The coronation of King Henry III: is the Magna Carter a warning to radicals? Photo: British Library
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Not so radical: Jesse Norman on Magna Carta's conservatism

Here, as so often in our history, it is property rights that secure individual freedom.

As so often, it is Tony Hancock who puts it best: “Does Magna Carta mean nothing to you? Did she die in vain?”

Admittedly, for Hancock, Magna Carta is “that brave Hungarian peasant girl, who forced King John to sign the pledge at Runnymede and close the boozers at half past ten”. But briefly at least, it must have looked as though the real Magna Carta did die in vain. After all, it was annulled by the pope within three months, on the grounds that it was exacted under duress. Little more than a year later the king himself was dead.

Yet Magna Carta has its own genius, and it has evolved into an idea that sits above the petty politics of left and right. Its magnificent articles 39 and 40 – which forbid seizure or imprisonment without lawful judgment, and the sale, denial or delay of justice – are rightly celebrated as cornerstones of the British constitution, and so of the modern international rule of law.

Today Magna Carta is claimed by many on the left of politics. For them it is a radical document of popular opposition to tyranny, a pioneering statement of human rights and the foundation of our parliamentary democracy. Similar views are held by some Americans, who see in it revolutionary fervour and a proto-constitution akin to the “Miracle at Philadelphia” of 1787.

Unfortunately, this is a misreading. The Great Charter was not the product of extended reflection but put together in haste. It nowhere mentions democracy, nor anything close to it, and it pre-dates the establishment of full democracy in this country by more than 900 years. King John was not a tyrant and parliament did not exist at the time. One can hardly imagine a group further removed from radical populism than the bishops and noblemen who signed it. The “free men” whose rights it declares were barely one in seven of the (male) population.

In fact, Magna Carta is a profoundly conservative document. That moment at Runnymede was an extraordinary one, without doubt. Yet the charter was not a novelty. Rather, it codified and repeated rights that had long had currency; and its influence derived from later demands that each new sovereign repeat, and perhaps extend, them.

These rights arose from the common law, the law of the land not of the rulers, a body of law that arose piecemeal and gradually evolved in reaction to particular cases and particular demands for justice. This is not the statute law beloved of radicals, and its rights are not abstract generalities but specifically derived and enunciated. Far from being a radical bill of rights, the hallowed text of Magna Carta deals with fines, fees and land – and is all the stronger for it. Here, as so often in our history, it is property rights that secure individual freedom.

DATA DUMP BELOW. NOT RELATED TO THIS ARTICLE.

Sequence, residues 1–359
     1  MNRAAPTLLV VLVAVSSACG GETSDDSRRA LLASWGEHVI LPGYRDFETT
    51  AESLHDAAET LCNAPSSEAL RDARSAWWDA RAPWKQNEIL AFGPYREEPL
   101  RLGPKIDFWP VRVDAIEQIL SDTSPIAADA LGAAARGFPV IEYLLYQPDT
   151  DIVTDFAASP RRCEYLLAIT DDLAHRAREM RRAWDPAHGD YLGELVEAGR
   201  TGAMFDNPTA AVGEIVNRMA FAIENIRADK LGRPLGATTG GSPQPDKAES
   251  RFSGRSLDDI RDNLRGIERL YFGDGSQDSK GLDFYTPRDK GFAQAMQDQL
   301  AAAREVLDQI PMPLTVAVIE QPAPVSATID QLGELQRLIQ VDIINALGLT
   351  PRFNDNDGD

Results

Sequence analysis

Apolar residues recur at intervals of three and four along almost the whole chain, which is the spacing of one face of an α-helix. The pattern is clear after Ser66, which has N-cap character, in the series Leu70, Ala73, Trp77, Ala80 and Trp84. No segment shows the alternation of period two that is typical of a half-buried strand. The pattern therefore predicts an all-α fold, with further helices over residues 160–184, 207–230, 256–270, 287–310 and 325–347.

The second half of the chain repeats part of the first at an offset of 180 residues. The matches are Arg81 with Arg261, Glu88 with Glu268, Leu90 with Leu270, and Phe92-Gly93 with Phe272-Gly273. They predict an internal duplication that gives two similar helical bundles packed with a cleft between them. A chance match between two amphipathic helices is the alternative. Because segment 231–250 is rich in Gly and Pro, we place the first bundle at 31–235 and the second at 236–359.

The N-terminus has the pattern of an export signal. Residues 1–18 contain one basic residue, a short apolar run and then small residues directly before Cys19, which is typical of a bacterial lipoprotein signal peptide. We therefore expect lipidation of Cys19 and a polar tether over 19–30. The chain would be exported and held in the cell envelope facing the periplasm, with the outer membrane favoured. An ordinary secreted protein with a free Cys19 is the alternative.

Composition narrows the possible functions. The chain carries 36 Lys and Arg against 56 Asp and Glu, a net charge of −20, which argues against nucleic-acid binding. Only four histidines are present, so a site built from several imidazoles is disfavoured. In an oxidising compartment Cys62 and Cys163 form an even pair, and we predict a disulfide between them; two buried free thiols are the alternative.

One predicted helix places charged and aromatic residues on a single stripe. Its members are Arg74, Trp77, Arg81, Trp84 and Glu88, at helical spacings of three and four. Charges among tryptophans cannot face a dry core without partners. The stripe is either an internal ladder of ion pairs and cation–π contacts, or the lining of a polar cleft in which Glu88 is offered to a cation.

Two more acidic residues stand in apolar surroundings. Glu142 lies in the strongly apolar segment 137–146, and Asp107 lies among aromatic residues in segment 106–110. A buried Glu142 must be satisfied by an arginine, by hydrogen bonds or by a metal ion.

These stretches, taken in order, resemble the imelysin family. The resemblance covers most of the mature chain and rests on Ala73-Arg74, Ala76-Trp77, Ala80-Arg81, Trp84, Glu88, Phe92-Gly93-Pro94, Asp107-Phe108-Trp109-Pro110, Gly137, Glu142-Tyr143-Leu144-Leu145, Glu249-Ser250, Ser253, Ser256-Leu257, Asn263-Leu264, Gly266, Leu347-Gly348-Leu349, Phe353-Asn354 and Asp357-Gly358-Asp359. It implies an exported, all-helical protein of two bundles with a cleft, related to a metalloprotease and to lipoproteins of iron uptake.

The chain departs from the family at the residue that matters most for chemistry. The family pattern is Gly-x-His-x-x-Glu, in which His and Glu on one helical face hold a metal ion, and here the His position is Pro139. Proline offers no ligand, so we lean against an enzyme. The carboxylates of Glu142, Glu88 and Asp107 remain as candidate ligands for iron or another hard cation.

But the genius of Magna Carta lies not merely in its embodiment of the common law, but in its separation of personal kingship from the institution of the monarchy and its demand that the king may only levy taxes through his council. No man is above the law, it insists, and with power must come accountability. The charter’s “security” clause is a pioneering attempt to enforce these principles.

However, the story of Magna Carta also carries an implicit warning to modern radicals. Understanding our constitution requires a careful reading of British history; it cannot simply be imported from America. There is no constitutional Year Zero. Changing the rules by which we are governed requires particularly careful thought. To codify our constitution would be to destroy it.

Jesse Norman is the MP for Hereford and South Herefordshire, and the author of a biography of Edmund Burke

Now read Owen Jones, Melvyn Bragg, and Tom Holland on Magna Carta

This article first appeared in the 04 June 2015 issue of the New Statesman, The myths of Magna Carta

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How “cli-fi” novels humanise the science of climate change

The paradox is that the harder climate-fiction novels try, the less effective they are.

When the Paris UN Climate Change Conference begins at the end of November, the world’s leaders will review the climate framework agreed in Rio in 1992. For well over 20 years, the world has not just been thinking and talking about climate change, it has also been writing and reading about it, in blogs, newspapers, magazines – and in novels.

Climate change fiction is now a recognisable literary phenomenon replete with its own nickname: “cli-fi”. The term was coined in 2007 by Taiwan-based blogger Dan Bloom. Since then, its use has spread: it was even tweeted by Margaret Atwood in 2013: